Disclaimer: For the purposes of this, you can assume that I am, if not actually an idiot, then at the least a person who tends to do everything wrong, and go from there.

I published 4 mass-market paperbacks via Ballantine/Fawcett. The last one was published 10 years ago.

In my contract, Ballantine specifically retained electronic publishing rights, which were more of a buzzword back then than an actual Thing. Now they are a Thing, and reading over my contracts it looks like Ballantine has a perfect right to exploit this, but so far, it hasn't happened.

It looks to me like, for me to do it myself, I need to make sure I have my rights back. The contract says something like, if two years following publication the book is out of print, I can write to them and demand they either print a new edition or get my rights back--ALL my rights. This seems pretty straightforward. I write them, they have to reply within 90 days saying yes or no. They can hand the rights back right then, or they can say they'll do a new edition. If they say they'll do a new edition and they don't within 6 months, the rights revert to me.

Now at the time of this contract I had an agent, and it looks like as long as the contract is in force--i.e., until I get the rights back--or maybe even after--this is my agent. It does not name her by name, but by agency. Since then, she's changed agencies, that is, at the time she worked for one agency, now she has her own.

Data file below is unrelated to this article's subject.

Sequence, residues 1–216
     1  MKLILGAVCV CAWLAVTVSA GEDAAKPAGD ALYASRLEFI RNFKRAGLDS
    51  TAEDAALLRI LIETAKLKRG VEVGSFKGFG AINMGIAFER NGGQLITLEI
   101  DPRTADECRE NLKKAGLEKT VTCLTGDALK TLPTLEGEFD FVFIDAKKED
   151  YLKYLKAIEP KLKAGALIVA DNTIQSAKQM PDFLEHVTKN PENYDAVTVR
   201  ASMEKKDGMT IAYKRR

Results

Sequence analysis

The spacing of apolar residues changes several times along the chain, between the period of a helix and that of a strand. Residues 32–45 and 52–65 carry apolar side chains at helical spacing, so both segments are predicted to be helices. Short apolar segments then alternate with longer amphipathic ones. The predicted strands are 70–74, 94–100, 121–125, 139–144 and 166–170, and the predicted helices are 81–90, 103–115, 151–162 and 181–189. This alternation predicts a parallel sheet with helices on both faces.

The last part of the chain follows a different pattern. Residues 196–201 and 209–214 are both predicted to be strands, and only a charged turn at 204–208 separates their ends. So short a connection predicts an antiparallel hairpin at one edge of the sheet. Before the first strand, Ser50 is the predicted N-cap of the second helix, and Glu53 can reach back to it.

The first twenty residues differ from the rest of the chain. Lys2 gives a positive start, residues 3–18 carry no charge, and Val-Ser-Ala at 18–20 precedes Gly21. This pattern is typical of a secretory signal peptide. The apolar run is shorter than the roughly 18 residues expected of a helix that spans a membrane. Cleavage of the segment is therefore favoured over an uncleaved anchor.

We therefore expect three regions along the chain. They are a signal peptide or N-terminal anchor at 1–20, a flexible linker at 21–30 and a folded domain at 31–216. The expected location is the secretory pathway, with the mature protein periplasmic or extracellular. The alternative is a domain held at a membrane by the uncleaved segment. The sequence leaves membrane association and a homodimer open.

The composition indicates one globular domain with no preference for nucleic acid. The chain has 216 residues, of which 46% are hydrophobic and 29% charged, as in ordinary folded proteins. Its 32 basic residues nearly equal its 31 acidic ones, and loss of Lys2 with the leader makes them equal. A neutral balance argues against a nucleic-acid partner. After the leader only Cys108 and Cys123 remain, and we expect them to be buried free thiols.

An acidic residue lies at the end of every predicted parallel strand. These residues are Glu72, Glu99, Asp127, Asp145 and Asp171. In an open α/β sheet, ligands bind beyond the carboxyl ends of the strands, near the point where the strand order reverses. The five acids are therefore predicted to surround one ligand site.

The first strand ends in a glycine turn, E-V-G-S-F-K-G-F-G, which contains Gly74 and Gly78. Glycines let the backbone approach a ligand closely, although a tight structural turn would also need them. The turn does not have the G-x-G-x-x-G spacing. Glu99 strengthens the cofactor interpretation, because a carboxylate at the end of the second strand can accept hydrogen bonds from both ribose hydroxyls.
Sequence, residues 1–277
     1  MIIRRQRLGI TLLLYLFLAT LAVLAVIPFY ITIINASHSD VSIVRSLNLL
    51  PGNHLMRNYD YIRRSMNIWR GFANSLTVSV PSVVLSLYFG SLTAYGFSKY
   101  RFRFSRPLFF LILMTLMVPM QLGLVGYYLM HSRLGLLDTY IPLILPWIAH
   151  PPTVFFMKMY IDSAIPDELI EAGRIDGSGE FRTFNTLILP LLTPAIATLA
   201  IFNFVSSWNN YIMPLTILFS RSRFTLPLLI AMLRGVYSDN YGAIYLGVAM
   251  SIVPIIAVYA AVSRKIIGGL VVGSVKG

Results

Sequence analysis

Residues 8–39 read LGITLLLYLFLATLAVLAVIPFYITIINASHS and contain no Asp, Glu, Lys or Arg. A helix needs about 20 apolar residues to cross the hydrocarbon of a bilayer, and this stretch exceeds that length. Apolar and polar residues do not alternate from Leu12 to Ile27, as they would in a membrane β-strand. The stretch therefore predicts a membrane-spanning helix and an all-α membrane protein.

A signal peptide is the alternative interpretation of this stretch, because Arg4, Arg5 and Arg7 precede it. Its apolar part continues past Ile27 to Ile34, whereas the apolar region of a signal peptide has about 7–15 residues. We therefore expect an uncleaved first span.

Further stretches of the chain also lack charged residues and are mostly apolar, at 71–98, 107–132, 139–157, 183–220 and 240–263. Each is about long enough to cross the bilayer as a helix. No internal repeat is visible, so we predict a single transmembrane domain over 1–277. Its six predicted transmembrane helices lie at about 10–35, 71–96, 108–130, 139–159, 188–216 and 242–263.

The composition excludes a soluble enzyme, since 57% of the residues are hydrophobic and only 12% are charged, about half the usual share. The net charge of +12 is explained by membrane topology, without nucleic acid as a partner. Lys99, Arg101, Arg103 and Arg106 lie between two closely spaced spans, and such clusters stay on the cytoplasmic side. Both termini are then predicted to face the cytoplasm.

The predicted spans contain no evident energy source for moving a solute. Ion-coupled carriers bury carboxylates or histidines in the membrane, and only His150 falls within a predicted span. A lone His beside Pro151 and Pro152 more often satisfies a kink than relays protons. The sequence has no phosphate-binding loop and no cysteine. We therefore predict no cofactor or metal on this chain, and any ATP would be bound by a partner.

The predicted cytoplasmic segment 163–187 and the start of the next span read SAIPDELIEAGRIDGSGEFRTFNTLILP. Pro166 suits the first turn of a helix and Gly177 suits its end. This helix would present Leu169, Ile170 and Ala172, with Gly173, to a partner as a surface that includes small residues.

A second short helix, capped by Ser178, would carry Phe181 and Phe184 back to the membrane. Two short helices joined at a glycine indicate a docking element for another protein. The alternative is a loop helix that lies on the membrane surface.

So this is probably a question I should put to her, which I would, except for the following: Around 2005 I sent her a proposal for two new works. She wasn't wild about either proposal but said, "Oh, well, go ahead and write the one you like best, send me fifty pages, I'm not wild about the idea but I've always loved everything you wrote so maybe I'll like the pages." And I never sent them. I don't know, I guess I needed unmitigated enthusiasm, or something. (I did, however, write them.)

In fact, actually, I never contacted my agent again, although I continued to get royalty statements, etc. Then I moved, and I never updated my address with her, so I ceased getting royalty statements.

This is why I'm afraid to approach her. I don't know whether to just write the publisher and send a cc to the original agency, cc my agent at her new agency, cc everybody, don't cc anyone at all, or just forget the whole thing. Or I could put the electronic version up on Kindle via Amazon and just assume that since these books are all pretty thoroughly out of print, I'm okay (see first paragraph of this).

Anyway, you can probably see why I don't want to contact my agent and have her do this thing. She's busy, it won't net her any more money, etc. She was a great agent, on the offhand chance that I can one day write something else I would like for her to sell it, so I really don't want to annoy her--but meanwhile I would really like to get these things published in ebook form, but I'm stuck. Ideally I would change my name, move to another country and start over, but that's not likely.

Any recommendations? Reasonable ones, that is.